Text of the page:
Maybe you’ve applied for a loan in the past and the loan officer gives you your credit score. It may be high, it may be low, but you’ve probably wondered how exactly is it measured?
First, credit scores are usually used to differentiate the likelihood that you will pay back a loan, or not. The main consumer credit scoring models, FICO® and VantageScore®, rank consumers using a 300-to-850 score range. The lower the number the more risk a lender sees. The higher the number the less risk there is of you defaulting.
Second, how is this number calculated? FICO® Scores are calculated using several different pieces of your credit history in your credit report. This data is grouped and weighted into five categories: payment history (35%), amounts owed (30%), length of credit history (15%), new credit (10%), and credit mix (10%).
It’s important to know that your FICO® Score is calculated only from the information in your credit report. However, when you apply for a loan, loan officers may look at many things when making a decision, such as your income, how long you have worked at your current job, how long you have lived at your current address, and the kind of credit and amount of credit you are requesting.
Many members ask us “how can we improve our credit score?”
Dialing that 800 number from a roadside sign promising to give you a better credit score fast is not only expensive, but rarely do they work. Here are three things you can do right now that will help you earn a better score.
- Pay Your Bills on Time. This may seem like a no-brainer, but it’s one of the most important. You’ll want to pay all bills on time—not just credit card bills or any loans you may have, such as auto loans or student loans, but also your rent, utilities, phone bill, and so on. It’s also a good idea to use resources and tools available to you, such as automatic payments or calendar reminders, to help ensure you pay on time every month. Behind on some payments now? Bring them current as soon as possible. Although late or missed payments appear as negative information on your credit report for as long as seven years, their impact on your credit score declines over time: Older late payments have less effect than more recent ones.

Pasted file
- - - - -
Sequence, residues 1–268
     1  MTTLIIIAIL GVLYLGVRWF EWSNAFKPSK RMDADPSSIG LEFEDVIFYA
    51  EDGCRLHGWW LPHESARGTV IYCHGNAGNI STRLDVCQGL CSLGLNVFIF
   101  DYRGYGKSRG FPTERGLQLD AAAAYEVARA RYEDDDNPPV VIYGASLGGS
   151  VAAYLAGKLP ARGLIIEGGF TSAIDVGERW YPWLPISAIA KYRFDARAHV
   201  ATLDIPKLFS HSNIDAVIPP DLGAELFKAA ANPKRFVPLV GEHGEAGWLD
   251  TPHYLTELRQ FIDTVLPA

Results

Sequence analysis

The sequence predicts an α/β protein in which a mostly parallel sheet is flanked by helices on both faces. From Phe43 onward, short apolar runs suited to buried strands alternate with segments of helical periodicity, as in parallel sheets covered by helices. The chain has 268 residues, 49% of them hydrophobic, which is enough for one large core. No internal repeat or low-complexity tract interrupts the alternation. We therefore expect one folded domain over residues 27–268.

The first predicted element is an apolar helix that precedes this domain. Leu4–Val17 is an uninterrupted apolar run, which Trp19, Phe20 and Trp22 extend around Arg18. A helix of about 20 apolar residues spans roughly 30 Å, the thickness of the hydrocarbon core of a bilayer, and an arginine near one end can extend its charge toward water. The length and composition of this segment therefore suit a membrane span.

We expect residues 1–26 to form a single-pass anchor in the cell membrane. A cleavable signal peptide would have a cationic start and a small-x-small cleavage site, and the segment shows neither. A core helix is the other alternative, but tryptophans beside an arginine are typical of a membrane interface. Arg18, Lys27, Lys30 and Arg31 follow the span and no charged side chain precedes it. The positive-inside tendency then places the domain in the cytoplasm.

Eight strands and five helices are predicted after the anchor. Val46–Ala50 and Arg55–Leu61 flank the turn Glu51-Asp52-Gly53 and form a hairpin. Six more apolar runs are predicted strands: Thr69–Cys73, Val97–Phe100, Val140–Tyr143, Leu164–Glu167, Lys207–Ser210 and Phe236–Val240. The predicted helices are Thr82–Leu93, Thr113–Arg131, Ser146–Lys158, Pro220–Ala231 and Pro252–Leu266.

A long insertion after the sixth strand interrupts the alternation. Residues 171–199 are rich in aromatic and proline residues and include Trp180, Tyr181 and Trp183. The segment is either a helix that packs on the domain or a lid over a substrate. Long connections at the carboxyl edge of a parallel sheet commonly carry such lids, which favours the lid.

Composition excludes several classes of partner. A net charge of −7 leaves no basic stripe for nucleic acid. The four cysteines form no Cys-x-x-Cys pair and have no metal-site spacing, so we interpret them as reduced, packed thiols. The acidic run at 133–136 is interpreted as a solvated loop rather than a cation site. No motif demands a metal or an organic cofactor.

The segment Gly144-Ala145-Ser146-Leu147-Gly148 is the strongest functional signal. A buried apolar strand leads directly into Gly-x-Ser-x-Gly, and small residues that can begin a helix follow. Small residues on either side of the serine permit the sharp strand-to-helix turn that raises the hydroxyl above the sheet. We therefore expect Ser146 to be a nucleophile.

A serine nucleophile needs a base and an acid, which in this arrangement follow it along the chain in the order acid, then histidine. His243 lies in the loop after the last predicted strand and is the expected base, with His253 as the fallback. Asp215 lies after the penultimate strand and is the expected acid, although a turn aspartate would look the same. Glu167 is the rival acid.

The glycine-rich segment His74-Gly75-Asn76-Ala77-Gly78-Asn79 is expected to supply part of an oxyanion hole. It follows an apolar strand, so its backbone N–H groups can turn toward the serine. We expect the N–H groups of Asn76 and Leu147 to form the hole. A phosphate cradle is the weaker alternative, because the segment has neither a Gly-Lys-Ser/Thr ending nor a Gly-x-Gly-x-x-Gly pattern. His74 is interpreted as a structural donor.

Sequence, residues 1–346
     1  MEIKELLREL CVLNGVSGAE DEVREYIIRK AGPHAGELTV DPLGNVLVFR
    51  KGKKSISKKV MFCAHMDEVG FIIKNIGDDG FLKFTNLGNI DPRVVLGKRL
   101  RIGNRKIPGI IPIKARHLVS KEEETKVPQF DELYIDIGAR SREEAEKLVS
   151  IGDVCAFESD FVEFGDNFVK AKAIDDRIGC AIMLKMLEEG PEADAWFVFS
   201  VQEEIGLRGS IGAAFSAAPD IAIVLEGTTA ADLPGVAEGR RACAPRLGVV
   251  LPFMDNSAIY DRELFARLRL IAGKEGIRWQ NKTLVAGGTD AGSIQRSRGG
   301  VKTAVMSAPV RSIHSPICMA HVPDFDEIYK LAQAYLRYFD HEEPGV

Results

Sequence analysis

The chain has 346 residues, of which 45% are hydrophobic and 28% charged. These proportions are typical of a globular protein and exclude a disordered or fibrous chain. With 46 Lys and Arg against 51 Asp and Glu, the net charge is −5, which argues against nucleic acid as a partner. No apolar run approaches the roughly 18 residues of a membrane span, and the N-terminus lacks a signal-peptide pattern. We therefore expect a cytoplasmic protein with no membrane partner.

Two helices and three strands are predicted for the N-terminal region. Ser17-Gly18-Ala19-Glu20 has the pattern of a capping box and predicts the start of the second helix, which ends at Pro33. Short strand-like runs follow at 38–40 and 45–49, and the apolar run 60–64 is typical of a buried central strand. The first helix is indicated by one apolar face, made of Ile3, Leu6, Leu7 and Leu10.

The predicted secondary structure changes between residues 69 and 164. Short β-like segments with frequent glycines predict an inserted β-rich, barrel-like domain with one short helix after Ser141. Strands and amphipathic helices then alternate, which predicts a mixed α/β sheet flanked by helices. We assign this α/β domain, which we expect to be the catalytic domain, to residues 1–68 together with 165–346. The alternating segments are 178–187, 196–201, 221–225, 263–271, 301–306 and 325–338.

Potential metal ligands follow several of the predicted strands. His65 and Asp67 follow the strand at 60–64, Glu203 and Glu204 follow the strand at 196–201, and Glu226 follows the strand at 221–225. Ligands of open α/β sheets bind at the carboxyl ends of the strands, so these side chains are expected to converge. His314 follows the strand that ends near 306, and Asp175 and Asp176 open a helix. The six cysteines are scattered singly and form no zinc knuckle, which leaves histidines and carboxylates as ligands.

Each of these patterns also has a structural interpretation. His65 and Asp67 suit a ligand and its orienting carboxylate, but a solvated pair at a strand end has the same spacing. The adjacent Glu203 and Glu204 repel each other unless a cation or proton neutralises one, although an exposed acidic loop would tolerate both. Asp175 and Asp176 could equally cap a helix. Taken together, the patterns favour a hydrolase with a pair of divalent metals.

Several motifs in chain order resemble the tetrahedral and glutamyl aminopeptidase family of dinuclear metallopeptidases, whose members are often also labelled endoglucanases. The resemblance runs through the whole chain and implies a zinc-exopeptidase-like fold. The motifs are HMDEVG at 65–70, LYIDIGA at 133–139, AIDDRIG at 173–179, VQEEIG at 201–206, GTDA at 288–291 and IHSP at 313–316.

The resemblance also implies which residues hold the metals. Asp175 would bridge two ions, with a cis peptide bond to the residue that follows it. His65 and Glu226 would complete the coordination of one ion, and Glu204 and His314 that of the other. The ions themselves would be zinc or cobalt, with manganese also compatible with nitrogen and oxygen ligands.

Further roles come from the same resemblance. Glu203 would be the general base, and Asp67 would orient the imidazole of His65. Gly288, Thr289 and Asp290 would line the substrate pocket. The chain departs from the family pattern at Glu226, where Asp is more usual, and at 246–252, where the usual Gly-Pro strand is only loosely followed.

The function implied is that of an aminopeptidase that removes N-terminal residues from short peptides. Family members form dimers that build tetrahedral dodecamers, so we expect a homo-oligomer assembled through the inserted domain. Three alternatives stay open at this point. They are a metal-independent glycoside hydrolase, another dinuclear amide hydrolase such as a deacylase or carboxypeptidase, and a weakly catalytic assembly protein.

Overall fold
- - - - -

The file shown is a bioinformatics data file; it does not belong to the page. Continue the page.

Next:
- Dispute Any Inaccuracies on Your Credit Reports. Check your credit reports at all three credit reporting bureaus (TransUnion, Equifax, and Experian) for any errors that may be unnecessarily bringing your credit score down. Verify that the accounts listed on your reports are correct. If you see errors, dispute the information and get it corrected right away. Monitoring your credit regularly can help you find the errors before they do damage.
- Don’t Apply for Too Much New Credit, Resulting in Multiple Inquiries. Opening a new credit card can increase your overall credit limit, but the act of applying for credit, especially with a new lender creates a hard inquiry on your credit report. Too many hard inquiries can negatively impact your credit score, though this effect will fade over time. Hard inquiries remain on your credit report for two years.
A low credit score won’t just potentially keep you from getting a loan, it determines the rate you pay when you do get a loan. The lower the credit score the higher your rate, which means a higher payment and more paid interest over time. A low credit score can also increase your insurance premiums and potentially keep you from renting a home.
Want to learn more about your credit score and get tips from an expert on how to improve your credit score, and ultimately your finances?
Mint Valley FCU wants to help. Reach out and schedule a time to meet with us. We promise we won’t judge you. Our job is to give you a proper perspective and help you achieve a better financial life.